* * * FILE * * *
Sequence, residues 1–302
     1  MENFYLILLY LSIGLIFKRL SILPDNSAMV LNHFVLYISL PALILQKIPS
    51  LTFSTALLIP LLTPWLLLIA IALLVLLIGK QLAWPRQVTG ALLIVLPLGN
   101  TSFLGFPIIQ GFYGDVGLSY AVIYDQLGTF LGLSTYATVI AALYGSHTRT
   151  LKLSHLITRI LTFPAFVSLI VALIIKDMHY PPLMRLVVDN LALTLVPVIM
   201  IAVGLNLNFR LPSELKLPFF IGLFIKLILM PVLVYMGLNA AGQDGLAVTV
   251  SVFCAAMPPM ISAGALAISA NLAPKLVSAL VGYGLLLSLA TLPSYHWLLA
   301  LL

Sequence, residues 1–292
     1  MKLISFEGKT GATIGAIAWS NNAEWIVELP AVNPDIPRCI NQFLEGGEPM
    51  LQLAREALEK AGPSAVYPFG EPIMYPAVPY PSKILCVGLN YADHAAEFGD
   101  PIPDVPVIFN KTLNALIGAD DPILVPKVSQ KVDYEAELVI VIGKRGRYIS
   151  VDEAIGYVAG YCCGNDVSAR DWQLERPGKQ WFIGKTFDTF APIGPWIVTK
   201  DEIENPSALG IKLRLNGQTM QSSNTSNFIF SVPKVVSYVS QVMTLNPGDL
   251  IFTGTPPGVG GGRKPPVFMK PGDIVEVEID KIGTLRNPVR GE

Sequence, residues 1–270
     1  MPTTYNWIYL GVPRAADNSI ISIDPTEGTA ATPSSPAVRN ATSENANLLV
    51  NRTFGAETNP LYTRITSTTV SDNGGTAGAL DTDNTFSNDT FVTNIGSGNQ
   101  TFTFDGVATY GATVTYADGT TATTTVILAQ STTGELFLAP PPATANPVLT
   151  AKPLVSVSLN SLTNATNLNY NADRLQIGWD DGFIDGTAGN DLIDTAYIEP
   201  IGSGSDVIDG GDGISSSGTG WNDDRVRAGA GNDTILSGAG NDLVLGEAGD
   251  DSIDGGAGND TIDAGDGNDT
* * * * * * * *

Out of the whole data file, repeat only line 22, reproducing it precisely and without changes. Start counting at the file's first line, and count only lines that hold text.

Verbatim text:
   251  DSIDGGAGND TIDAGDGNDT